Author Don McQuinn is a perfect example of a sci-fi and fantasy writer who made it into the big time and then took control of his own destiny. Don and I met earlier this month at a Greek restaurant in suburban Seattle, not far from his home and mine. The vigorous former Marine and octogenarian has been a published writer since 1980, and he found fame with his Moondark Saga (Warrior, Wanderer, Witch) and his Captain Lannat series (With Full Honors, The Prisoner Within). But the world of books is cruel, and after a few bestsellers, his work fell out of print, and income dried up. A heart attack in 1998 took its toll, as well as other family-related health crises.
Once a writer, always a writer, and Don applied a Marine’s “gung ho” attitude to the emerging opportunities of digital media. With the help of supportive family, Don dived into electronic publishing, acquiring the rights from his former publisher and issuing ebook versions of his Moondark Saga, including a repackaging of the books into bundles. He’s also written well-regarded women’s fiction focused on post-traumatic stress disorder. Though he describes the income from these efforts as modest, he’s living proof of an established author’s ability to rescue himself/herself from midlist hell and out-of-print perdition through independent publishing.
Don breaks the stereotype of the digital-phobic elder by publishing a blog and showing a keen interest in the growing world of independent audiobook publishing. During our lunch, we discussed an experiment by my friend Ramona Ridgewell, who publishes chapters of her Tishta the Crystal Orb fantasy series on SoundCloud, an online audio distribution platform better known to musicians and podcasters than authors. Ramona tells me she has more subscribers to her SoundCloud posts than her standard blog. (see embedded audio below)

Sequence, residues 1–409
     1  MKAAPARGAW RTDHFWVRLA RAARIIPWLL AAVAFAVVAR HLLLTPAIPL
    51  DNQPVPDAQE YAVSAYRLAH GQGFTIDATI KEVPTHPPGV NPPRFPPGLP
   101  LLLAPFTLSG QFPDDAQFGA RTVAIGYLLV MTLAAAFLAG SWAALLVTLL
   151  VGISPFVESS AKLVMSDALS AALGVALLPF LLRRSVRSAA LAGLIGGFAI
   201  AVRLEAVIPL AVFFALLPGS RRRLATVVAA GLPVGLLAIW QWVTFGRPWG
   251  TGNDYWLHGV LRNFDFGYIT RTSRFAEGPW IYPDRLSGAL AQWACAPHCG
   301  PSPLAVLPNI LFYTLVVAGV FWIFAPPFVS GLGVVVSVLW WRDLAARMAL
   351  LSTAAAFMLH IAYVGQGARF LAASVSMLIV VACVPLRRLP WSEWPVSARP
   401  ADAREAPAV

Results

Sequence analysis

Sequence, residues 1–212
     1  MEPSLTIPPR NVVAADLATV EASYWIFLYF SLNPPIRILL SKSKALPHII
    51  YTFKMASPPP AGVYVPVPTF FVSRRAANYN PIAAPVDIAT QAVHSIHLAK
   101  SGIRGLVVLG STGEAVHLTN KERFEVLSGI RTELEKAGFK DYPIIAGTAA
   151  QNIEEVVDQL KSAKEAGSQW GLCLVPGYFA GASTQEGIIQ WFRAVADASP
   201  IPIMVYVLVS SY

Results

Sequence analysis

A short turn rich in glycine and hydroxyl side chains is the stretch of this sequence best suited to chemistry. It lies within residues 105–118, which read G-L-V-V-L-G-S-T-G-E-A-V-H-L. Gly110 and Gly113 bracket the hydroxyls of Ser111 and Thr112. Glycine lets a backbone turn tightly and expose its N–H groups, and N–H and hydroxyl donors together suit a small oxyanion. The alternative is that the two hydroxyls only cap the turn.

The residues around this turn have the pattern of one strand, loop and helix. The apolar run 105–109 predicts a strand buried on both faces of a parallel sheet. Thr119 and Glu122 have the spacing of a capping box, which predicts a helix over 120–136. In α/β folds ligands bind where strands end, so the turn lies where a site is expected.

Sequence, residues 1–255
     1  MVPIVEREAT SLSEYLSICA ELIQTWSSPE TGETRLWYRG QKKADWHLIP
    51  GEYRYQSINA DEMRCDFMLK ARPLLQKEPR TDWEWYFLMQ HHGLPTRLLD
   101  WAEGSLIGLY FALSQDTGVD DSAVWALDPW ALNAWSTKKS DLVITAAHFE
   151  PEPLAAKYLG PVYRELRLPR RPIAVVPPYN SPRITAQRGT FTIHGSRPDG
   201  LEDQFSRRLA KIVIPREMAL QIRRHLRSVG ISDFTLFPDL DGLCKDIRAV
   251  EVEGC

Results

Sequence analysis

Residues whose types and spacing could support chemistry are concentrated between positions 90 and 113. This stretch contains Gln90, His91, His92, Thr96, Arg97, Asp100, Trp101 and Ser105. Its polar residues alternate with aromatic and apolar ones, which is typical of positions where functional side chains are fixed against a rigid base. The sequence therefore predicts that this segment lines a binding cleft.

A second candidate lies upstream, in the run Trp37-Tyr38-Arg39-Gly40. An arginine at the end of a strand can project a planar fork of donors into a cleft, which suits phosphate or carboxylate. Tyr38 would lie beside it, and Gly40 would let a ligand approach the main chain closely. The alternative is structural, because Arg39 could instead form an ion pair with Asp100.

Ramona’s technique is a hybrid of standard internet-distributed audiobook publishing and Wattpad-like text publishing, allowing her to build an audience for both media with similar content at low cost. I’ve toyed with the idea of publishing my work as audiobooks. My time in radio taught me a little bit about voice work, and I’m comfortable with audio editing, meaning I wouldn’t have to hire out this work, saving several thousand dollars in production costs. There’s lots of sweat equity, though. I estimate 75 hours of production time for a 300-page manuscript. Fortunately, Amazon can distribute an audiobook with the same ease as an ebook through its Audible service.
For the moment, however, I’m sticking with a plan to publish my own books through legacy publishers, because they still have advantages over self-publishing. Don McQuinn has nearly exhausted his options on that path, and it makes perfect sense for him at this point to take charge of his own creative destiny. Every writer, publishing or not, should take his example to heart.